Click here to read the Westminster Review online Website
Joel Bauman

Q & A with Joel Bauman

By Michael Scott

Joel Bauman is the new vice president for enrollment management. He has a distinguished record recruiting students in diverse settings that have included the Hebrew University, University of Tampa, and New School University in New York. Most recently, he served as dean of admissions and financial aid at New College of Florida, which is the honors college of the state university system and nationally recognized as one of the most innovative learning environments in the country. He has been quoted in the Wall Street Journal and U.S. News & World Report and has attended the Harvard University Admissions Institute.

One primary goal of the new Strategic Plan is for Westminster to become nationally recognized. To that end, the college is in the process of improving the way it manages the admissions and enrollment process. Joel Bauman, the new vice president for enrollment management, is leading this effort. We sat down with Joel to learn more about him, what the plans for admissions include, and his views on the future of Westminster.

What made you decide to come to Westminster?

I came to Westminster because I believe President Bassis has an ambitious vision and the college is going in an exciting direction. It's clear to me that all of the ingredients are here to be highly successful. The challenge is in making sure they are applied in the right way.

What are you doing to improve the way admissions are done at Westminster?

We are creating a whole new framework. There is going to be tighter interaction between the Office of Admissions and the Office of Financial Aid, with both working collaboratively to become aware of any issues that may hinder a student's enrollment. We are working closely with the alumni and communications offices, and we will initially devote some significant resources to increasing our reach nationally. We are investing in strategies and software that will allow us to increase enrollment.

The biggest improvement is going to be in our prospect management system. Admissions recruiters will have geographic territories, making them more like managers than the counselors they have traditionally been. They will reach out to prospective students much earlier in the application process. We're talking as early as sophomore and junior years for high school students looking at undergraduate programs. Strategies for graduate programs will focus on active recruiting of businesses, employers, etc. In fact, we've brought in a new assistant director of graduate programs to help facilitate this.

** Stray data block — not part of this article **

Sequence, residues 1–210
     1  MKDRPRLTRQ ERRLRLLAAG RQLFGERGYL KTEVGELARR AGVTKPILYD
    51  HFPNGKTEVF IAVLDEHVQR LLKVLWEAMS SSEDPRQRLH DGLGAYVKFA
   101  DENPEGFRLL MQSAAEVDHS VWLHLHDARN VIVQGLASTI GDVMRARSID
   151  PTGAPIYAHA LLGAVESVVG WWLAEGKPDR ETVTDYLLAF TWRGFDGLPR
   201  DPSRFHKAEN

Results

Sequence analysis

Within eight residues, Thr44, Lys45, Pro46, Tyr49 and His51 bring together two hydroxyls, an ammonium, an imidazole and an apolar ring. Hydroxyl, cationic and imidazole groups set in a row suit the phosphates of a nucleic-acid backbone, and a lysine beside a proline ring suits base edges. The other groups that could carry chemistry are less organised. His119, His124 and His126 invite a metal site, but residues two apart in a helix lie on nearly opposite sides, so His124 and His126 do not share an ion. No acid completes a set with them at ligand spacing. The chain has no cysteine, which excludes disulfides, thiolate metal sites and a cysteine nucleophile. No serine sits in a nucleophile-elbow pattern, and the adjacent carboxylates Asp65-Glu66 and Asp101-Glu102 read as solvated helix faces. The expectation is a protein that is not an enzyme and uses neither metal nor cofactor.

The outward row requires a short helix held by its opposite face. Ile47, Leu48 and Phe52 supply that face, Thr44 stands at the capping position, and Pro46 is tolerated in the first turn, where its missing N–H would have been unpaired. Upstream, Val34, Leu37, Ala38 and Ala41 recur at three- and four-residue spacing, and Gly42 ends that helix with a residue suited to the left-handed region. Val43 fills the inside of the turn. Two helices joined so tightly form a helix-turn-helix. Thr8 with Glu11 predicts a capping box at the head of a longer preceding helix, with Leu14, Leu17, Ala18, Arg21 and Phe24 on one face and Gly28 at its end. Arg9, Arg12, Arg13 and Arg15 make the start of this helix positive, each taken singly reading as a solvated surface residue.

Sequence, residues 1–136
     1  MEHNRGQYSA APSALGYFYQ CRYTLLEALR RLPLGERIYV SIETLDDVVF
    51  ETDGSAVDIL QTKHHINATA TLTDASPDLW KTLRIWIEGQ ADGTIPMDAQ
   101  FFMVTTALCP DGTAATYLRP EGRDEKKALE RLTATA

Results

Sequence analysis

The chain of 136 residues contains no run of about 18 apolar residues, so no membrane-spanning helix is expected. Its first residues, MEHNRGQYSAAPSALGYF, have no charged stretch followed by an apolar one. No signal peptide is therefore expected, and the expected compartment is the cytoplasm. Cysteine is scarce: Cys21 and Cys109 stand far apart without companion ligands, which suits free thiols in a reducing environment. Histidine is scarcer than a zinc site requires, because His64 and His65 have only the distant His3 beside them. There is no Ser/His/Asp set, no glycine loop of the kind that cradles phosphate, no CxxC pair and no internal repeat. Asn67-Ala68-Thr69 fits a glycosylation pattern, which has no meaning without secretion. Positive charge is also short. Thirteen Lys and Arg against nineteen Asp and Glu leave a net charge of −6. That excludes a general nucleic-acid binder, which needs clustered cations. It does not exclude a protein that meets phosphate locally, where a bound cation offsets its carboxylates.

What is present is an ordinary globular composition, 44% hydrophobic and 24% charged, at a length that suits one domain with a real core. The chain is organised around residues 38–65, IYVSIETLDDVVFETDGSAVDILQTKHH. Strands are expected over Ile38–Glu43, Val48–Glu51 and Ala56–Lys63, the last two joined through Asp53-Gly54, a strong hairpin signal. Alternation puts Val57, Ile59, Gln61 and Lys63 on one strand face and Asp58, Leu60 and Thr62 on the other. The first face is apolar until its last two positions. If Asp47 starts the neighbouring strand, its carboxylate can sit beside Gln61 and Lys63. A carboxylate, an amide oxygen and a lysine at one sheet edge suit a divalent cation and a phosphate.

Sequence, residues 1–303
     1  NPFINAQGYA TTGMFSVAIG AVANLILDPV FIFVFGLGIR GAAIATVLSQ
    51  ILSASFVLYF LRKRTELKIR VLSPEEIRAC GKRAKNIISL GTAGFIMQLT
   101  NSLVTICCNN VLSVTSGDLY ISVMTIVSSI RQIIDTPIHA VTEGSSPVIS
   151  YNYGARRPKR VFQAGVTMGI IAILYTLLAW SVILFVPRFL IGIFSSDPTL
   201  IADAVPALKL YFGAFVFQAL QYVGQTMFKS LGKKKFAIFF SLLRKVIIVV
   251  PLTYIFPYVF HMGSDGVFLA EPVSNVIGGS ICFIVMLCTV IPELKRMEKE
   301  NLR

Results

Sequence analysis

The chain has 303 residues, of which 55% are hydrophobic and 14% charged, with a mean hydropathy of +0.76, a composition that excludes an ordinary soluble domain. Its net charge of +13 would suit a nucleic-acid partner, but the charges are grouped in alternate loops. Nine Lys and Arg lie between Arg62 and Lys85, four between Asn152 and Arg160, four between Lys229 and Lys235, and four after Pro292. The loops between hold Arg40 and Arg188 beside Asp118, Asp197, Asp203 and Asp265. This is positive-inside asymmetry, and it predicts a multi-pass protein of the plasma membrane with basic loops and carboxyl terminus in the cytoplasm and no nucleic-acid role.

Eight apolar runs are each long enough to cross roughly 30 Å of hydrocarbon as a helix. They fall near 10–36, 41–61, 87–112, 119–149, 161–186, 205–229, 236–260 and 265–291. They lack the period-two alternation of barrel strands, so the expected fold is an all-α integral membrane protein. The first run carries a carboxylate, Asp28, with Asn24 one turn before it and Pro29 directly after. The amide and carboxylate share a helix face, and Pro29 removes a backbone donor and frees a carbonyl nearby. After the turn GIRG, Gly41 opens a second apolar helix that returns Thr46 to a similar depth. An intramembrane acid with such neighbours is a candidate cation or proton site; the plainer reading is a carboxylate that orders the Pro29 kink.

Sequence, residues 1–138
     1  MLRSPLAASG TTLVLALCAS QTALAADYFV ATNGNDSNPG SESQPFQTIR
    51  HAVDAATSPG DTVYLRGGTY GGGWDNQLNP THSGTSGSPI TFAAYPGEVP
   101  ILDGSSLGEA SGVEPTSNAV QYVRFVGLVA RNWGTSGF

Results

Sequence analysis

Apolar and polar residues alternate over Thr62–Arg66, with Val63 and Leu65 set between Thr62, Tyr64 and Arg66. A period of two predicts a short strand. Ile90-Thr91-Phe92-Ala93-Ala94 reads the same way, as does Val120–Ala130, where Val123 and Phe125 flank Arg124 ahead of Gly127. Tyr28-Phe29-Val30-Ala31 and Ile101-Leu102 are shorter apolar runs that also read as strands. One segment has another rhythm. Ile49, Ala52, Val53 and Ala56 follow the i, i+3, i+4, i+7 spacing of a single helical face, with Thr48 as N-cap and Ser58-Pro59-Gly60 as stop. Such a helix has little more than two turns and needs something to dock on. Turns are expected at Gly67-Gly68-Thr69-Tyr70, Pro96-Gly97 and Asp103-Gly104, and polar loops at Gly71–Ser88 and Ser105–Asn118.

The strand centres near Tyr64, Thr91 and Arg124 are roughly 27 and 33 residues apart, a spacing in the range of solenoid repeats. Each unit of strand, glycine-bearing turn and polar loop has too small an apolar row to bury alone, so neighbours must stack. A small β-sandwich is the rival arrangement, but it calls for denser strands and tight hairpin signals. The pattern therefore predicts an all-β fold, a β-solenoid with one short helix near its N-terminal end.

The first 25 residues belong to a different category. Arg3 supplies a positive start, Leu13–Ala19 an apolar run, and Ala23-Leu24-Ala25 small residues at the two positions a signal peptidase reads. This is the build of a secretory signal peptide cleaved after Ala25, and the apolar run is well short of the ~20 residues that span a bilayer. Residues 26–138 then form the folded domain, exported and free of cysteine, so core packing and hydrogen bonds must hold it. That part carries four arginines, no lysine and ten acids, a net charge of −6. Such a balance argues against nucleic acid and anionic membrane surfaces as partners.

We will be creating one-year, three-year, and five-year enrollment plans. We're still working on the final strategies, but we know those strategies will be based on research data. If we don't have all the data we need, then we'll create systems to gather and analyze data. On the basis of those plans we're expecting the modest enrollment growth called for in the Strategic Plan in the next five years.

What about financial aid?

We are going to continue working hard at communicating with prospective students about the value of attending Westminster as it relates to the cost. (Westminster has been named one of the best values by U.S. News and World Report for nine straight years.) We will also be much more aggressive with scholarship and financial aid outreach. We've historically been very successful helping students meet the costs of a Westminster education; this is an untold story that we are going to start telling. Approximately 80% of our students receive some form of financial aid.

How do these changes fit with the Strategic Plan?

One of the key aspects of the plan is to give voice to individual students. We are going to focus on that. In the new plan everything will be oriented to meet new goals we have set. We want a diverse student body in every sense, meaning socially, politically, and economically.

The goal of any enrollment operation is to have an entering class that is a perfect fit for the type of educational experience the school offers. We're aiming for a more diverse class, with more out-of-state students. And we want in-state students who come here for the unique educational experience only Westminster can provide. We need to identify these students as early and as cost-efficiently in the application process as possible.

What role do alumni play in this new strategy?

Alumni will play a significant role. They are the very best evidence we can give a prospective student about what a Westminster education can offer. The territory managers will be contacting alumni to ask for their help in spreading the word about Westminster and the Westminster community. We'll contact alumni who are interested in finding bright ambitious students who are interested in Westminster.

What can alumni do to help Westminster's admissions efforts?

The immediate thing alums can do to help is to let us know who you are and what you are doing, either by emailing or calling the alumni office. As I said, alumni will be central to our recruitment efforts. We need to know where they are living and working, so we can call on them to help. We are also going to send a survey to alums in the near future asking for permission to reach out and ask for help of the alumni and for testimonials we can use in our new admissions publications. There are many exciting changes here, and I hope alumni will be excited to take part.

Joel Bauman can be contacted by calling 801-832-2200 or via e-mail